The discussion about whether Roy Herron’s 94-year-old mother should be allowed to vote as she always has, described Monday, prompts this question:


Not a question you might expect in 2011, but a question some on the right have been asking. Click here for a remarkable overview . . . and for further links to articles like the one entitled, “Registering the Poor to Vote is Un-American.”

Hence the successful Republican drive to shut down ACORN* . . . to raise new barriers to voter registration . . . and, as with Mrs. Herron, to raise new barriers to voting itself.

After all, if too many poor people vote, you can wind up with people like Bill Clinton, who raised taxes on the job creators.

True, under his stewardship, 23 million new jobs were created, the rich got richer, NAFTA was signed, welfare-to-work was launched, and the budget got balanced. But Clinton may just have been a fluke. He may not be the kind of candidate hordes of poor people would normally elect. They might elect someone like Barack Obama, who would want to put construction workers back to work rebuilding our infrastructure and teachers back to work educating our kids, break the log jam in the patent office and push through 16 tax cuts for small businesses. Radical stuff.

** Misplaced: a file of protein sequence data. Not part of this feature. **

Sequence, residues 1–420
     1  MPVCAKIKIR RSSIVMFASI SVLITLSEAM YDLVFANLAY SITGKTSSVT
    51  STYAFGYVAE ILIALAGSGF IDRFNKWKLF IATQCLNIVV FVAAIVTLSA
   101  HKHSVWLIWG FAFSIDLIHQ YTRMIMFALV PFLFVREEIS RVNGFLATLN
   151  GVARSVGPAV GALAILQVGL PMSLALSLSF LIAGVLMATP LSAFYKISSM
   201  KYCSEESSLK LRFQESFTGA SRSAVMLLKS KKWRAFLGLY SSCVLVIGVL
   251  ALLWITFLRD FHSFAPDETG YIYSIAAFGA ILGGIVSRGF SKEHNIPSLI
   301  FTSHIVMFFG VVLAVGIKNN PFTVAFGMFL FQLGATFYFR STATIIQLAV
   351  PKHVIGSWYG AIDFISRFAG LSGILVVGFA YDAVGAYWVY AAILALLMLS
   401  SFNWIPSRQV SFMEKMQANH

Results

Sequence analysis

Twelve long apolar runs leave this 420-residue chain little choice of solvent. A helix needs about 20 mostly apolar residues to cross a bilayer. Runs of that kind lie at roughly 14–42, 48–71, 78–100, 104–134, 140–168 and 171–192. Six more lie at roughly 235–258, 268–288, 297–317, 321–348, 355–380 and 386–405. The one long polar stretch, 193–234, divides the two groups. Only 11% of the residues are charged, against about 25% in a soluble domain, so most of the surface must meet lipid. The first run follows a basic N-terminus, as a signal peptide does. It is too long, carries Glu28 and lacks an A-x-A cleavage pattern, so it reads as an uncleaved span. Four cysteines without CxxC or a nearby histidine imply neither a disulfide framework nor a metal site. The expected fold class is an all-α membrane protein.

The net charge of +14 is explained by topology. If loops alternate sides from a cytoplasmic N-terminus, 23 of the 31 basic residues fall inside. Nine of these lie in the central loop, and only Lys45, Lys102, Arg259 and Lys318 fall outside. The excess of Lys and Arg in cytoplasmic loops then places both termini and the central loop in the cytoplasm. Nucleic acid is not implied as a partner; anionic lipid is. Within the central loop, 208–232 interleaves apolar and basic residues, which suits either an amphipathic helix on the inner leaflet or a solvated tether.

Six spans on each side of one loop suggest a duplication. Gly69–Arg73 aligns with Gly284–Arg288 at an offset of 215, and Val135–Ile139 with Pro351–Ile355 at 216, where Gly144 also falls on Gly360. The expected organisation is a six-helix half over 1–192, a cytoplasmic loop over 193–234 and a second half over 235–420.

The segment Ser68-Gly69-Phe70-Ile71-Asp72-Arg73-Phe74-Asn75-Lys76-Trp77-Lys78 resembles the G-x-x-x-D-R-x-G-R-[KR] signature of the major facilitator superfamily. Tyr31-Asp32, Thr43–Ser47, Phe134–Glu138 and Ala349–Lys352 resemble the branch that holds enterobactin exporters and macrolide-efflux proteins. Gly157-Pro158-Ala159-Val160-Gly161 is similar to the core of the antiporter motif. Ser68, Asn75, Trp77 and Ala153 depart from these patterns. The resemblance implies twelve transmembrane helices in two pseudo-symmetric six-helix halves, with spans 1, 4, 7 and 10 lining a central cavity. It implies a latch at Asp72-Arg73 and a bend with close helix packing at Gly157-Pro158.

Our Republican friends who are working so hard to make it harder for poor people to vote may not long for the days when only “white males with property” were allowed to vote. But they certainly remember Ronald Reagan fondly. (He raised payroll taxes on the middle class even as he slashed taxes on the rich.) And they believe the rich are “job creators” who must not be over-taxed – even though, after Bush slashed the tax rate on dividends and long-term capital gains to 15% (it was 28% under Reagan), jobs were not created.

It is a complete canard to claim people won’t start businesses if tax rates are what they were under Eisenhower or Nixon or Ford or Reagan – they started loads of them.

And it is a complete canard to say that a small business (or a large one) will not hire workers it needs to make more profit if they know that profit will be taxed at one rate versus another.

Or that they will hire workers they don’t need if taxes on their profits are lower.

So I say: Let even poor people vote. And if they should wind up electing another Clinton or Obama again, and if the wealthy do have to pay tax at no lower rates than their secretaries – as was the case under Ronald Reagan – never fear: it will be good for the country. Even, ultimately, for the rich.

*Too late, ACORN was completely vindicated.


Comments are closed.